Last year, history was also made when all three sisters from one family took the overall women’s title. Amy Wolfe in 1999, Joyce Wolfe in 2017 and Lorna Wolfe in 2018.
The KOTH race director emphasised the versatility of the event.
“As much as it’s targeted for first timers it’s also a very competitive race.
“There are substantial cash prizes for the overall winners and age groups and we try to make it an enjoyable day for everyone.”
Offering encouragement and advice to potential participants, Mr Fahey said for anyone looking to try training as a triathlete, setting out a target race is a good idea. “It helps to focus the mind and you set yourself a target.”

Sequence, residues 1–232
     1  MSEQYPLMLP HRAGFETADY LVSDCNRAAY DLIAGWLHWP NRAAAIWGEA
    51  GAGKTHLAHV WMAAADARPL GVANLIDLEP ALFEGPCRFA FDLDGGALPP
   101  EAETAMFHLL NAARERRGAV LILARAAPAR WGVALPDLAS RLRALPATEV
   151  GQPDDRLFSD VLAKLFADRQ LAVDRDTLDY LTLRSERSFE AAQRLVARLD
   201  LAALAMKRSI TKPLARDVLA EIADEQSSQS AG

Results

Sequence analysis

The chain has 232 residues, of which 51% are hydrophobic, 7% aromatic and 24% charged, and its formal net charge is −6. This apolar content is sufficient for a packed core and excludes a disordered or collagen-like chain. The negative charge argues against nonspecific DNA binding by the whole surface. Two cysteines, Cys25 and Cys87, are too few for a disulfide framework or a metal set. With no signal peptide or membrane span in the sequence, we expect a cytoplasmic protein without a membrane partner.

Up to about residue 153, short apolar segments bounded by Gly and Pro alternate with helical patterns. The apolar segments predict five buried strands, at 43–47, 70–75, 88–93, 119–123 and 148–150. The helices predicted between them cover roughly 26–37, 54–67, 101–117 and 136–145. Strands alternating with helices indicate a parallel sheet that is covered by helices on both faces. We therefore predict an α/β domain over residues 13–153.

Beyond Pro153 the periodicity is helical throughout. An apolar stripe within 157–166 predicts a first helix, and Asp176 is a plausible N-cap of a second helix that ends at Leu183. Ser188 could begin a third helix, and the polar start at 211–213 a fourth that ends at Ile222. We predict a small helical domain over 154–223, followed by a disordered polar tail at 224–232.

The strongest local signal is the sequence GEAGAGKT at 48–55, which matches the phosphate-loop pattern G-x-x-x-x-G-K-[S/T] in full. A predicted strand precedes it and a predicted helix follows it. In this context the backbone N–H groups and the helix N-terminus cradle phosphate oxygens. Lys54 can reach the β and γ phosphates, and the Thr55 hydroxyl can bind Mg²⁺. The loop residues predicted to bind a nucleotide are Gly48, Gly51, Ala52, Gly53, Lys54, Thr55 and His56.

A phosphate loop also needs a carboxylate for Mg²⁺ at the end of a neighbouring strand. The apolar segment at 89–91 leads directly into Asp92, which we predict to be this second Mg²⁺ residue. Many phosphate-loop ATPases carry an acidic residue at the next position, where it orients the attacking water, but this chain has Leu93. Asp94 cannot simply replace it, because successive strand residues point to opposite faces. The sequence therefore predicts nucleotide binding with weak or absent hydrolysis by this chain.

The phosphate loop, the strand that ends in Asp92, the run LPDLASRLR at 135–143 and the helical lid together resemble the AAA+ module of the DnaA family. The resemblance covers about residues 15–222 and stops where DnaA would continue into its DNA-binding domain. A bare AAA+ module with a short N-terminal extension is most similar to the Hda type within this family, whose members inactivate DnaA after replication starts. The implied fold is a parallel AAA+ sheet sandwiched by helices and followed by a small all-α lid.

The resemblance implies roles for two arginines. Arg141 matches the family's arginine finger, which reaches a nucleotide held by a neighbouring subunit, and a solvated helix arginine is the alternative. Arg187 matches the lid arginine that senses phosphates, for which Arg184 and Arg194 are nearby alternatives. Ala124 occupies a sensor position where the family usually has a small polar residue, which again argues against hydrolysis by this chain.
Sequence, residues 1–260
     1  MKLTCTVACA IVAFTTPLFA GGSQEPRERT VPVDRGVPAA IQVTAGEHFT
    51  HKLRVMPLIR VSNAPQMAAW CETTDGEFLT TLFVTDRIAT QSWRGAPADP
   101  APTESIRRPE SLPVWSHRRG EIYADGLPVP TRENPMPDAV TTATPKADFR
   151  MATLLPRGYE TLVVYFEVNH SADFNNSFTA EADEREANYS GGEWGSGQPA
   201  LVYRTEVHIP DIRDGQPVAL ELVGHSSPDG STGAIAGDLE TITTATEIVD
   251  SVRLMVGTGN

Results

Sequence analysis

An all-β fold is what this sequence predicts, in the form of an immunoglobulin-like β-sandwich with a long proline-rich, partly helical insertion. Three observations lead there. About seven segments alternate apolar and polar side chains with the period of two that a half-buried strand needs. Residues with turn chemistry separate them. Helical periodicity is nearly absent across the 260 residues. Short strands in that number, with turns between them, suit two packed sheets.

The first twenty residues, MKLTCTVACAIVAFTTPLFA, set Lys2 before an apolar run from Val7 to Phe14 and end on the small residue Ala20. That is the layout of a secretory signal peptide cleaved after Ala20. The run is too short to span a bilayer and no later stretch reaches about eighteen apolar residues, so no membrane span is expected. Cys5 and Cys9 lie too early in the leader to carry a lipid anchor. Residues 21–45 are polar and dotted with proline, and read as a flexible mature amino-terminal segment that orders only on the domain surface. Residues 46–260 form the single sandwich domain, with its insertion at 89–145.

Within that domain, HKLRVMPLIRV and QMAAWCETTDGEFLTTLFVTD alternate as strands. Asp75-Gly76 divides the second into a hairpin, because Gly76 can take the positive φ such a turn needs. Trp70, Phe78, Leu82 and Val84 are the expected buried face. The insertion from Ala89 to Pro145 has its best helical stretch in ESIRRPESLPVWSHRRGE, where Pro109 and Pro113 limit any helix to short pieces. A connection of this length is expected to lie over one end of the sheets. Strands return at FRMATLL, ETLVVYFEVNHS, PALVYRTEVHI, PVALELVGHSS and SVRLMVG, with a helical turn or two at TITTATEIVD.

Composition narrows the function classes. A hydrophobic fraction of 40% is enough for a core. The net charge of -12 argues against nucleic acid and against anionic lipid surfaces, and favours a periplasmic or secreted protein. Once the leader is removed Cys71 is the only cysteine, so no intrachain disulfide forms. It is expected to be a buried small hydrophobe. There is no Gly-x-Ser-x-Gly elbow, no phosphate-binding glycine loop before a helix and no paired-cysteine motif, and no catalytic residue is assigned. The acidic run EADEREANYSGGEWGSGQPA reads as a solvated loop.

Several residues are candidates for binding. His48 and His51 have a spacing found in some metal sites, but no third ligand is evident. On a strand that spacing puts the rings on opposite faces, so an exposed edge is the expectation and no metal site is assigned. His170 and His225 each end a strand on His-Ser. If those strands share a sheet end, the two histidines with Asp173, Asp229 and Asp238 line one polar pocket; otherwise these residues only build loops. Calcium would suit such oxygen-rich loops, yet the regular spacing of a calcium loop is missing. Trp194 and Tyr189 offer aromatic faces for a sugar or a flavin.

The veteran CTC club member mentioned a number of club supports for anyone looking to gain confidence in the different disciplines.
“For most people, the swim is the most nerve-wracking and intimidating part of the race. The club organises open water swims and aquathons (swim and run) at the Dock beach in the lead up to the race, including a try-a-tri event on May 19. These help first-timers acclimatise to the open water and it helps that they are familiar with the surroundings which again makes it less intimidating.”
Mr Fahey also said the club has developed a ‘new to tri’ program that caters specifically for beginners, making use of existing club activities but making it accessible to those who are taking up the sport.
For more information on CTC training sessions, see www.corktri.com or check out their Facebook page @Corktri.
For information on KOTH or to register, see http://www.corktri.com/events/kinsale-king-of-the-hill-triathlon/ or log onto their Facebook page ‘CTC King of The Hill.’